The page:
WARNING: Too many safety signs can be hazardous!

In a recent article the Daily Telegraph highlighted an increasing perception in the general public that the use of safety signs in public spaces has become overzealous. It seems many Health & Safety professionals and Safety Sign manufacturers would agree. “I have often thought that in our industry there are too many signs. The brain can only soak in a certain amount and eventually they become wallpaper.” says Raymond Rapp in a posting on the Institution of Occupation Health & Safety discussion forum.

Against this, there are many good reasons for sensible safety signage warning of genuine hazards. In the book recently published by the Manifesto Club, “Attention Please” there are many images submitted by the public of supposedly 'silly' or inappropriate safety signs or safety measures – most of which are entirely sensible. A barrier around a hole in the road, a “Danger of Death” electrical warning sign on a high voltage electricity pole – what's wrong with these?

There are however moves in the other direction – towards less regulation and less resulting signage. In a number of experiments, like the Ashford ring, roads have been designated as a 'shared space' – based on an idea originally from Holland. All road users are treated equally – cars, bikes and pedestrians tend to be more considerate, they use eye-contact and appropriate speed when negotiating traffic intersections.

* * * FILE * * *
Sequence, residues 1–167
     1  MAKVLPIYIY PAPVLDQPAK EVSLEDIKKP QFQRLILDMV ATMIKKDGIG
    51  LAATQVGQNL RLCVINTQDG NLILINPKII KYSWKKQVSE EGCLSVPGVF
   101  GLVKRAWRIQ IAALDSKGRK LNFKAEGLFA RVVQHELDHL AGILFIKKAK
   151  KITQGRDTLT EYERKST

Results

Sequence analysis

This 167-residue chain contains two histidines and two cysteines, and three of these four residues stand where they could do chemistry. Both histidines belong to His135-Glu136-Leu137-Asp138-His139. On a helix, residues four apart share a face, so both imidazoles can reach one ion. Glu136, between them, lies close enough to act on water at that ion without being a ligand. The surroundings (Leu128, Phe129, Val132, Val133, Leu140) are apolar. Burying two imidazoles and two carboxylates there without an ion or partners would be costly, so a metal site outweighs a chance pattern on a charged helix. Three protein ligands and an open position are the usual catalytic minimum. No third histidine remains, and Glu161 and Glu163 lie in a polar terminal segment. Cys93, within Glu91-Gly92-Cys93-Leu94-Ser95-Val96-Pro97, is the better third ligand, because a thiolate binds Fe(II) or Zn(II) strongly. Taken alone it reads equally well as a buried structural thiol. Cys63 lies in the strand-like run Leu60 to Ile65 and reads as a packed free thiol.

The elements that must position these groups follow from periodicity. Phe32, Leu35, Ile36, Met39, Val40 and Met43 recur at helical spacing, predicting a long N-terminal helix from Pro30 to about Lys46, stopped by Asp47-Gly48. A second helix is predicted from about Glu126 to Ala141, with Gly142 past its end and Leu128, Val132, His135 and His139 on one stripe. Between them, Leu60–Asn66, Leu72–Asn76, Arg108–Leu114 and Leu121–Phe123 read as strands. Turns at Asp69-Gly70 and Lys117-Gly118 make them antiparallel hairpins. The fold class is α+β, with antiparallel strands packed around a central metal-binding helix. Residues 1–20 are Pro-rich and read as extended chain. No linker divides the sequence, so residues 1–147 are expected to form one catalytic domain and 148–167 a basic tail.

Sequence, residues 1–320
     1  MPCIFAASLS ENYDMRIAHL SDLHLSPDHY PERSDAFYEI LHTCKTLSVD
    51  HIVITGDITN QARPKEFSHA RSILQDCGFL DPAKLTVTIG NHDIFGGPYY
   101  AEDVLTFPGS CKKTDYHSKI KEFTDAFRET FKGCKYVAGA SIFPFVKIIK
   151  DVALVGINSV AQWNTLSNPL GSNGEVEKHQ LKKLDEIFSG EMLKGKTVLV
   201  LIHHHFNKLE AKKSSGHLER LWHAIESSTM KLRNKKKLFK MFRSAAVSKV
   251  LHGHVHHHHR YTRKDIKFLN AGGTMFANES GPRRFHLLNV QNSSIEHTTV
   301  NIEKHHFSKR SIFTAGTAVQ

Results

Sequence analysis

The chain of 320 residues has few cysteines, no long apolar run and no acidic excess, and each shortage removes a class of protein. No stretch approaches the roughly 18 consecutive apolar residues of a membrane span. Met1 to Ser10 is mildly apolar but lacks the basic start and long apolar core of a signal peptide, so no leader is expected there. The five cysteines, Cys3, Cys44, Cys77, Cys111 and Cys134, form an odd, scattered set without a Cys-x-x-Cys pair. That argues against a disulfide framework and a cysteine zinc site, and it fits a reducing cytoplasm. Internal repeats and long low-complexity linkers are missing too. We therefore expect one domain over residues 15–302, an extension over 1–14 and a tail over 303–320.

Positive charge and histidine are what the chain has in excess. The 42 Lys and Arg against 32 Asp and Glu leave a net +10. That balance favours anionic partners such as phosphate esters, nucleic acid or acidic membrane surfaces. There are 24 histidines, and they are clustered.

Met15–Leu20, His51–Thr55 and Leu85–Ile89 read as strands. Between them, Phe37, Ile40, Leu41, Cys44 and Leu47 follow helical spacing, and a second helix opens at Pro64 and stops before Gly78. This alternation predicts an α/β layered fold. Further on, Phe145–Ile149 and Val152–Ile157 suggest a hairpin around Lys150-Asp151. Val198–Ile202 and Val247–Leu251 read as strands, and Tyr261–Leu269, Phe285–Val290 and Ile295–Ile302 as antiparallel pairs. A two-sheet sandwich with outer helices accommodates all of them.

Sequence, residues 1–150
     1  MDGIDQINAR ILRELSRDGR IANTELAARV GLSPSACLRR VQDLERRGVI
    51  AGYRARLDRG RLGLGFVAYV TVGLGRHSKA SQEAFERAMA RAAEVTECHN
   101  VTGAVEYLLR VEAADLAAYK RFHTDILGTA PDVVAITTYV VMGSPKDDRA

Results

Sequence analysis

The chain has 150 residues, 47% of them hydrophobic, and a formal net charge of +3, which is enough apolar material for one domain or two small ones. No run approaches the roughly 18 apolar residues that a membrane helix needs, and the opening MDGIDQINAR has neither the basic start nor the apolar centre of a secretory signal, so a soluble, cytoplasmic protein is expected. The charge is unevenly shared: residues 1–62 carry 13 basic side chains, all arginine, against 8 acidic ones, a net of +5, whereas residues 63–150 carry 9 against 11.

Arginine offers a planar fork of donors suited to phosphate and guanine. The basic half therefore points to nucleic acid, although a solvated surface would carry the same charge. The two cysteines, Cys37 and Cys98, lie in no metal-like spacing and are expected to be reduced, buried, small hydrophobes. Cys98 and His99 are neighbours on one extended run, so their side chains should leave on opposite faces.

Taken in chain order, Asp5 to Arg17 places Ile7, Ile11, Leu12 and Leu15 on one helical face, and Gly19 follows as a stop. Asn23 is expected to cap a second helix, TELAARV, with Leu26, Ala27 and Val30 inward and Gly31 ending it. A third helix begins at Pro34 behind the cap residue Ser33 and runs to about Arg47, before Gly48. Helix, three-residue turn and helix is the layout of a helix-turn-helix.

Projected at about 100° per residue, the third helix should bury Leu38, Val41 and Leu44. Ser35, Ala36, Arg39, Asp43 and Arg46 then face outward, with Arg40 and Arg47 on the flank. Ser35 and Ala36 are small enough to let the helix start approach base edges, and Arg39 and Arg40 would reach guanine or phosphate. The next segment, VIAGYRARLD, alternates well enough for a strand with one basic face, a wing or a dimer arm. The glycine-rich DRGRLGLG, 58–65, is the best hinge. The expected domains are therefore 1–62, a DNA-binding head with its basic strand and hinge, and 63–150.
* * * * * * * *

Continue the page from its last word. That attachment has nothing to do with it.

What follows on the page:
If this works for traffic management – maybe it could work in other areas where safety signs are traditionally used to control or moderate behaviour? One of the issues is our current headlong pelt towards an American style litigious society, driven largely by “no-win no-fee” legal action. This means that responsible bodies like Councils, Companies and Local Authorities are not prepared to leave risks 'unidentified' and at personal discretion (A.K.A. common sense) they feel that once brought to their attention, a risk should be highlighted to account for the lowest common denominator – resulting in a large, some times ugly, unmistakeable safety sign or three. As Boris says “Health and safety fears are making Britain a safe place for extremely stupid people”.

In traffic management it's clearly in everyone's interest to get where they're going quickly and safely – and generally it's clear that safely = quickly – so there's no conflict of interest. The problem with construction site safety, industrial safety or in some cases public safety, is that the restriction or prohibition which is implemented in the interest of common safety, may not appear to be in an individuals immediate interest (e.g. No Hard Hat - No Work) – hence the need for safety signs to reinforce the message.

The problem comes when safety signs are used either for frivolous, irrelevant and arbitrary reasons or without due attention to the actual situation presently occurring. This tends to bring the whole system collectively into disrepute. We've all seen examples: “Caution floor surface may be slippery when wet”, “Caution Uneven surfaces” - on a beach, road work signs left long after the work has been completed, construction site entrances with a profusion of seemingly random messages, the list could go on.

It's up to everyone who promotes, manufactures or uses safety signs to ensure they are designed, manufactured and implemented only where absolutely required, with a relevant, appropriate and considered safety message.

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